The Cripple of Inishmaan: In brief
Not content with post–Harry Potter film work, Daniel Radcliffe keeps racking up stage cred. His latest adventure is a revival of Martin McDonagh's savage village comedy, in which the title character inspires equal parts affection and loathing among the locals. Michael Grandage directs the London transfer.
The Cripple of Inishmaan: Theater review by David Cote
Profiles of playwright Martin McDonagh report how, in 1994, the young Anglo-Irish scribe holed up in his childhood home and cranked out the drafts of seven plays in an incredible nine months. After seeing Michael Grandage’s lush but underwhelming revival of The Cripple of Inishmaan, I believe it. Despite a slick veneer and satirical brio, the piece comes across as a rush job by a beginner with a huge chip on his shoulder. Although the undeniably clever and talented McDonagh became a theatrical rock star in the 1990s, his bloated parody of Irish folk drama is repetitious, inert and shallow. A sketch lampooning J.M. Synge or Seán O’Casey would be amusing for 15 minutes; but two hours of flat, one-joke characters and sneering antiromanticism get dull pretty fast.
Of course, people aren’t flocking to the Cort Theatre to see the play—they want to ogle Daniel Radcliffe. They’ve also probably never heard of The Playboy of the Western World, so all those bog-stupid villagers might seem novel and amusing. One old maid converses with stones; another gorges on her store’s candy inventory; a town lass throws eggs at anyone she doesn’t like; her idiot brother talks incessantly of telescopes. Then there’s Billy (Radcliffe), whom everyone calls Cripple Billy on account of his twisted arm and rigid leg. Per McDonagh’s heavy-handed irony, kind and thoughtful Billy is the most recognizably human of these grotesques. When a Hollywood crew sets up on the nearby island of Inishmore to cast a film (the actual 1934 documentary Man of Aran), Billy sees a chance to escape his suffocating provincial prison.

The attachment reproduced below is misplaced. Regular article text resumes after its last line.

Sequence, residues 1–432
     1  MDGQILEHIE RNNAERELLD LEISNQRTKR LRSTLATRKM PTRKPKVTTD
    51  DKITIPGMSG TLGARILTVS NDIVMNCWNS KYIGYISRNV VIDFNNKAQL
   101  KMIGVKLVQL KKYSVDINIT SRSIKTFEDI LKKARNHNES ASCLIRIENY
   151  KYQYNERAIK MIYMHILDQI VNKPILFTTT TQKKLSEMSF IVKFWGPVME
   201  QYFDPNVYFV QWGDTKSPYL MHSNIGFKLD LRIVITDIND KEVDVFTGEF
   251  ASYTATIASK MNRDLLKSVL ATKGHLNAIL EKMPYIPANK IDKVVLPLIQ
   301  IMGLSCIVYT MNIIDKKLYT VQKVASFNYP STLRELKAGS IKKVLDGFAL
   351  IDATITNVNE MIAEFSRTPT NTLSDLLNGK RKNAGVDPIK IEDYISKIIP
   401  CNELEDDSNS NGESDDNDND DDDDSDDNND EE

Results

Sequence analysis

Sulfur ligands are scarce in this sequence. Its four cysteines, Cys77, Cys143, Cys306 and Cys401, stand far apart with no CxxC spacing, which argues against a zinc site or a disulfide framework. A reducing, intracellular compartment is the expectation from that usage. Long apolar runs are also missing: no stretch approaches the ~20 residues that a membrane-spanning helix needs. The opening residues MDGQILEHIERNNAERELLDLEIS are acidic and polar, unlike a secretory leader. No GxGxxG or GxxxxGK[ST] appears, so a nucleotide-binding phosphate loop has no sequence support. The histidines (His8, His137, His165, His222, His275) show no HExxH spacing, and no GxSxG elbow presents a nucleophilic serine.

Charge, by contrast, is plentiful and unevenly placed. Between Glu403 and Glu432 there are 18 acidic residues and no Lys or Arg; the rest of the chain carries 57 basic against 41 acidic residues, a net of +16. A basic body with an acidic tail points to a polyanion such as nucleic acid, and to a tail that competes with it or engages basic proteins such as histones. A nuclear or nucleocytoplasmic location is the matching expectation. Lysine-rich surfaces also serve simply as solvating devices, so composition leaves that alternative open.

Radcliffe gives a passionate and scrupulous performance in a role that’s an emotional and ergonomic challenge. But besides providing the opportunity to demonstrate physical prowess, Billy is not that interesting a part. He is an object of amused scorn (or maternal condescension) for other characters, but McDonagh doesn’t flesh the fellow out particularly well. Billy ends up a passive cipher, his pursuit of Hollywood fame a MacGuffin. Back in 2008, a Druid Theatre revival—expertly staged by Garry Hynes at the Atlantic Theater Company—papered over the work’s callowness.
In fact, six years ago, I actually liked the play. But supersizing it for Broadway (even with Christopher Oram’s handsome sets and costumes), Grandage does the brittle comedy no favors. McDonagh just doesn’t have much to say, only romantic conventions to cynically flip. Think the good-hearted widower fisherman, Babbybobby (Pádraic Delaney), will forgive Billy for deceiving him? Just you wait! When saucy Helen (Sarah Greene) agrees to go on a date with Billy, is it a happy ending? Not if Billy keeps coughing like that! And so on. You’d have to be as thick as McDonagh’s cardboard Irish not to spot such easy subversion from miles away.—Theater review by David Cote
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